A blog by runners. For runners.

Why you might be tired


Do you find yourself dragging to get through the day? Tired beyond tired? And workouts: They’re impossible! It’s difficult when the weather gets nice to not have that natural spring in our steps. Even the best of us find ourselves in an energy rut from time to time. So, it’s important to pinpoint the underlying cause(s) to get our bodies up and running better – quite literally.

Here are some areas to consider:

Sleep: When the time changed last month, I had trouble adjusting. I’m still going to bed an hour later than I used to, all while having to get up at the same old time. Sleep deprivation accumulates, so if you’re thinking sleep might be the cause, try setting your bedtime 15 minutes earlier tonight – working to a half or full hour more of rest. Though the old 8-hour suggestion isn’t a hard rule, getting significantly less can be draining. Sleeping more might even make you a faster runner.

Dehydration: I’m notoriously bad at getting enough water during the day. I simply forget to guzzle and find myself with this huge energy slump in the afternoons right before my run. On days when I am more mindful of my consumption – I don’t seem to have the same issues. It’s true: “Sometimes even mild to moderate dehydration can lead to sluggishness.” So, if you suspect H2O might be to blame, figure out how much you need to drink per day and get on it! Plain water, herbal teas, watery fruits like watermelon, sparkling water, etc. are all great options. (More about drinks for runners.)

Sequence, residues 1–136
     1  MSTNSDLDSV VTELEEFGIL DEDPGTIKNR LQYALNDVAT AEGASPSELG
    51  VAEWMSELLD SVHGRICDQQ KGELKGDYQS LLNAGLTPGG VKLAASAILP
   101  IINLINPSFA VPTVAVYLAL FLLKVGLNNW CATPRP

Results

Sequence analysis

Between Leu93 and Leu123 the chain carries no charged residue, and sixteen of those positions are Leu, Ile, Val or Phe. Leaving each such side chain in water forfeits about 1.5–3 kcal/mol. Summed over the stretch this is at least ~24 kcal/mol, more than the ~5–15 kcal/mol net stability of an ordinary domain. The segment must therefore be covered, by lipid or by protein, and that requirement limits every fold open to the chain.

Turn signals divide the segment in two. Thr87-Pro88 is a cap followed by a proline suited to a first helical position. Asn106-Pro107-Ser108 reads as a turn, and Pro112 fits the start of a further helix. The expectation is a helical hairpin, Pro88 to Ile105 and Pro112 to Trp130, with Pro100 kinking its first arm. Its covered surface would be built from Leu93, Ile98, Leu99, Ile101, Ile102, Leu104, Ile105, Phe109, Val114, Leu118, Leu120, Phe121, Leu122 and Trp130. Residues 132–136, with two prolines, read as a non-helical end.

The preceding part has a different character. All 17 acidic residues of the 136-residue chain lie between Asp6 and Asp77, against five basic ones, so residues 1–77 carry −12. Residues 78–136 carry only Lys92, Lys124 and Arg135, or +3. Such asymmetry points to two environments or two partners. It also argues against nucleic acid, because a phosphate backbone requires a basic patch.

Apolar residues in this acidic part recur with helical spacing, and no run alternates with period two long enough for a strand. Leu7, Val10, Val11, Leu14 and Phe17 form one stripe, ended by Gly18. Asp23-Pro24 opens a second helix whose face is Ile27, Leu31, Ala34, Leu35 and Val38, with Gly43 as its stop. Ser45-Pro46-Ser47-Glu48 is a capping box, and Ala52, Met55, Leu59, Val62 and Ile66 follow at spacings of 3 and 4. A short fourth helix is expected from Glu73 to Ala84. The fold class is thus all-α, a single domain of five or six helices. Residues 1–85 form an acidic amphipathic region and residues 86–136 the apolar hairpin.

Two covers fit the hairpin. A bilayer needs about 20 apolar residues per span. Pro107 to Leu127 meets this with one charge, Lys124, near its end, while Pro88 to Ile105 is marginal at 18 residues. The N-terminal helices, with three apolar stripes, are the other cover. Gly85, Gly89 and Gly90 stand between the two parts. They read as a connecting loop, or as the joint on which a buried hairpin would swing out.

Diet: Maybe you’re not getting enough calories (or enough of the right calories) to fuel your activity. Or perhaps you’re trying to lose weight and PR this spring. There’s a delicate balance between calories needed for optimal running performance and, well, not enough. Ask yourself: Am I eating enough? Then make sure to fill your plate with complex carbs, lean proteins, vegetables, fruits, healthy fats, etc.

Overtraining: Have you recently ramped up your mileage or tried more demanding workouts – perhaps all without many rest days in-between? If you didn’t ease into this type of schedule, your body might be revolting. An estimated 61% of all serious runners will go through a period of overtraining at least once in their running career.” Exhaustion is just one sign of overtraining, so if you suspect you might be doing too much – also look for signs like moodiness, disturbed sleep, frequent sickness, elevated resting heart rate, and get the rest your body and mind need. (More about overtraining.)

Medical issues: There are also a number of medical issues that might contribute to a general feeling of malaise. Anything from seasonal or food allergies to anemia to depression to Fibromyalgia to heart disease and more. So, if you’ve, pardon the pun, exhausted the other possibilities, head to your doctor for a checkup. There may be a simple fix out there that can help get you feeling like yourself again.

Written by  Ashley Marcin.